Scenario one: Cambodia continues to invest in fossil (coal, oil and in the future gas) fueled electricity, importing from neighbouring countries. The expenditure on energy imports increases. In this scenario, 80 per cent of energy by 2030 is sourced by large fossil fuel plants under agreements that will lock in prices and emissions for 30-50 years. We have already heard that the growth of coal in Asia will be sufficient to offset the efforts of carbon abatement from the Paris Agreement. Cambodia will suffer both the loss of potential GDP growth and the consequences of climate change. There will be international pressure towards transition to renewables, but change is hard now, 80 per cent of energy is sourced by large fossil fuel plants, locked in long-term contracts.
Scenario two: Cambodia generates all new energy demand from renewable sources distributed throughout the country connected to the grid and on factory rooftops. Local employment in the energy sector increases, the cost of energy reduces and supports a growing industrial economy. Cambodia leapfrogs developed countries internationally, reaching a share of 75 per cent of renewables by 2030. In fact, according to a recent report, this could be done with floating solar on the Tonle Sap alone. Electrification of transport and cooking complement this, improving urban air quality and eliminating the health implications of indoor pollution. A lower cost of electricity supports economic growth.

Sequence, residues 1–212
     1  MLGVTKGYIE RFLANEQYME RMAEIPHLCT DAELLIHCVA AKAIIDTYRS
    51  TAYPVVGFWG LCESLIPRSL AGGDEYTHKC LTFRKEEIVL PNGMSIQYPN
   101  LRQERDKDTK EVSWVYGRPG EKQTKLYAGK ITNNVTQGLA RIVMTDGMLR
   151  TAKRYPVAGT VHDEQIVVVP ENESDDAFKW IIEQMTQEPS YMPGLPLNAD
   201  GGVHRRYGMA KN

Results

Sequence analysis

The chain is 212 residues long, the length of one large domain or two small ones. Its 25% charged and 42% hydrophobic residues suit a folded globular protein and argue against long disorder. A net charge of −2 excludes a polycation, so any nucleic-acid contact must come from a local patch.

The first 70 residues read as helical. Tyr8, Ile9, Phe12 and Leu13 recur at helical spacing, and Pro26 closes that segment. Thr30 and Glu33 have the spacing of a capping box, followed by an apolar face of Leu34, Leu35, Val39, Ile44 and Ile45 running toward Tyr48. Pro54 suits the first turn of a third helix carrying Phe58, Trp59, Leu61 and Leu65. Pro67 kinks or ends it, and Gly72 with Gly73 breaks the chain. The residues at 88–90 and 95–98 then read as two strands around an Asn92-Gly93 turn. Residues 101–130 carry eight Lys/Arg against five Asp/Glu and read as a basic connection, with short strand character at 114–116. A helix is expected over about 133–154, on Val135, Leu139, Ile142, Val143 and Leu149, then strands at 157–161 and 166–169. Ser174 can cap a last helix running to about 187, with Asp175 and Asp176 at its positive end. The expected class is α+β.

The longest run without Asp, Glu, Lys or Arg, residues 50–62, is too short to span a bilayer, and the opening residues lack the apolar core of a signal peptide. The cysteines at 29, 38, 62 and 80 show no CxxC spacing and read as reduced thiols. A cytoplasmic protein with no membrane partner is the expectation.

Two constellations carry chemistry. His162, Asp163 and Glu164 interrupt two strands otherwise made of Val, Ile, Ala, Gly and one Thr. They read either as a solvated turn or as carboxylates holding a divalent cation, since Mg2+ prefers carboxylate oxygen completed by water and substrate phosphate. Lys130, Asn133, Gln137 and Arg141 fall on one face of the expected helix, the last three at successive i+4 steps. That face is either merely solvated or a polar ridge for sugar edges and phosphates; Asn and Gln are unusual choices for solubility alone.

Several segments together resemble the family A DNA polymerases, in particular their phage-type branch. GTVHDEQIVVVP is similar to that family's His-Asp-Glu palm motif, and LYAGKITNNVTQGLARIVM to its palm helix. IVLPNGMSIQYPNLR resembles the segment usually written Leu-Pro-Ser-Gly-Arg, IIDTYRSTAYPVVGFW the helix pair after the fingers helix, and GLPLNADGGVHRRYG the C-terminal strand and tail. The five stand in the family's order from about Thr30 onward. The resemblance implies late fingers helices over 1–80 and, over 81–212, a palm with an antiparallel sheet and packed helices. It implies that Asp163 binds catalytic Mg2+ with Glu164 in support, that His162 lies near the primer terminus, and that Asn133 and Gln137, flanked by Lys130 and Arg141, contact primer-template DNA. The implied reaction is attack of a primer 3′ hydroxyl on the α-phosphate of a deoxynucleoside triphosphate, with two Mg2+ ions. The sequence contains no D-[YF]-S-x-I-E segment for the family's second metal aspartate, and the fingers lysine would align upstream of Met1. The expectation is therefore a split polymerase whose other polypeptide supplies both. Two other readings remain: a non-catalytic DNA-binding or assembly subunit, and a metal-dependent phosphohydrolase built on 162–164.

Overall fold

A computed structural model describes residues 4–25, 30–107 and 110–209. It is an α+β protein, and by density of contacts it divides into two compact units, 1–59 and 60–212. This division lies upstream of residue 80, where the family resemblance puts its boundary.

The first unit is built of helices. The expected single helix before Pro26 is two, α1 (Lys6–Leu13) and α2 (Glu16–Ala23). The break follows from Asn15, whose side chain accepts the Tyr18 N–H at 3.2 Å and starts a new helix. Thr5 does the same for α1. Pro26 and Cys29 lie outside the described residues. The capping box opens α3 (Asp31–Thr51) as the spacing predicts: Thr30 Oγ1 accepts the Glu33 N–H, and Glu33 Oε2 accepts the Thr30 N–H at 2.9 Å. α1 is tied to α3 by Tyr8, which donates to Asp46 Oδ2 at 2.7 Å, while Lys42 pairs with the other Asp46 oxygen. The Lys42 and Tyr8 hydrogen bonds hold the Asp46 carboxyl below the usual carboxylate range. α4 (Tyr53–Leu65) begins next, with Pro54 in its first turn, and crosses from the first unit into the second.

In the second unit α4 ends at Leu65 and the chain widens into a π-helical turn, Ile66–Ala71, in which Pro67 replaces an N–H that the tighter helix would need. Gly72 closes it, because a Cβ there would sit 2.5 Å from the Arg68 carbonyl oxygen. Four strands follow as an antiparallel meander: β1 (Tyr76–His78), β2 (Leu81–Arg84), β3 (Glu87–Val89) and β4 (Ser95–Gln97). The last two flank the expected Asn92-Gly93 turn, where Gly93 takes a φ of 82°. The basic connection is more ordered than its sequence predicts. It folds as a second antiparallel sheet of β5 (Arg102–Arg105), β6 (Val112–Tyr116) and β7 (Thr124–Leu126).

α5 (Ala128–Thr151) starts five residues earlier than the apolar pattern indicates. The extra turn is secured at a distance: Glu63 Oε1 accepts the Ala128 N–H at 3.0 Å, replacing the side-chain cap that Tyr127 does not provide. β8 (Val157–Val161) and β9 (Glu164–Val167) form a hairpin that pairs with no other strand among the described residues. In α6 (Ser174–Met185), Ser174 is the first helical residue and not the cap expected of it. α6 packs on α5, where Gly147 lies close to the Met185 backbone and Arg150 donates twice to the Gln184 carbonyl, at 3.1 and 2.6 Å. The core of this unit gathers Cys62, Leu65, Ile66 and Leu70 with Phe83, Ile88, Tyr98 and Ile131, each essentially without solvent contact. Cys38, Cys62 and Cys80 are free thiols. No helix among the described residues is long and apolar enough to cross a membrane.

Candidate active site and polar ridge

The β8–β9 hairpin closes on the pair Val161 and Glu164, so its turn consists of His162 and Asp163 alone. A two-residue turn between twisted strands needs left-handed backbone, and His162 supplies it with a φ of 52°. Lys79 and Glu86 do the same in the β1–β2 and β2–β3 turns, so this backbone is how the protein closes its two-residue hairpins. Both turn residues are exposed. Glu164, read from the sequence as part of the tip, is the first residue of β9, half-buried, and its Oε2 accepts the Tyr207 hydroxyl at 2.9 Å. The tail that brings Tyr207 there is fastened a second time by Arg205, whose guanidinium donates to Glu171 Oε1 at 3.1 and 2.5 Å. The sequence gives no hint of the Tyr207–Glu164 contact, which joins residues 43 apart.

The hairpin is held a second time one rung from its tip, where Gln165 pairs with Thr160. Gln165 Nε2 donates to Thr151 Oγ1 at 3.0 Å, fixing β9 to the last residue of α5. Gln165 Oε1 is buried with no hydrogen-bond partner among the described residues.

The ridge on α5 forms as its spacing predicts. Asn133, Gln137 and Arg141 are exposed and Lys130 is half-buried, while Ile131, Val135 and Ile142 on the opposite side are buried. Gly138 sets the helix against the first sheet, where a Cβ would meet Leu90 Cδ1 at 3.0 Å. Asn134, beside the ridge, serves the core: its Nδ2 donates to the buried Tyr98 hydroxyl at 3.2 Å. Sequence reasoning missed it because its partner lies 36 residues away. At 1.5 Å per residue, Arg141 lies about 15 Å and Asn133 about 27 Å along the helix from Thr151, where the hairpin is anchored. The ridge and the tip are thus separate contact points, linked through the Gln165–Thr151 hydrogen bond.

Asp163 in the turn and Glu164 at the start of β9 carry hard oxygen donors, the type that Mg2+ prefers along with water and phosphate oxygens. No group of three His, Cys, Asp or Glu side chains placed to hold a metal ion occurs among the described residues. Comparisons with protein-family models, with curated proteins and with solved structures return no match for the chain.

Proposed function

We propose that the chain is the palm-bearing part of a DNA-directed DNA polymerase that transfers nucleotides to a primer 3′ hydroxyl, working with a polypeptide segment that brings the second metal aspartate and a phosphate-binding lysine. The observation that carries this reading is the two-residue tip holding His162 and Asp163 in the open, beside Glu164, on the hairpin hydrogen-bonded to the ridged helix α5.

It may seem a completely implausible outcome for this large-scale transition to occur. And yet, Cambodia has already done it. In 2005, the majority of energy was produced by Heavy Fuel Oil. By 2018 it comprised only three per cent of the energy mix. The development of Cambodia has been remarkable and continues to disprove all predictions.
The next decade waits, what direction will we turn? Cambodia’s new roof should have solar panels, providing cheap energy to everyone.
Zelda Hollings is a renewable energy engineer and visiting research fellow at EnergyLab in Cambodia.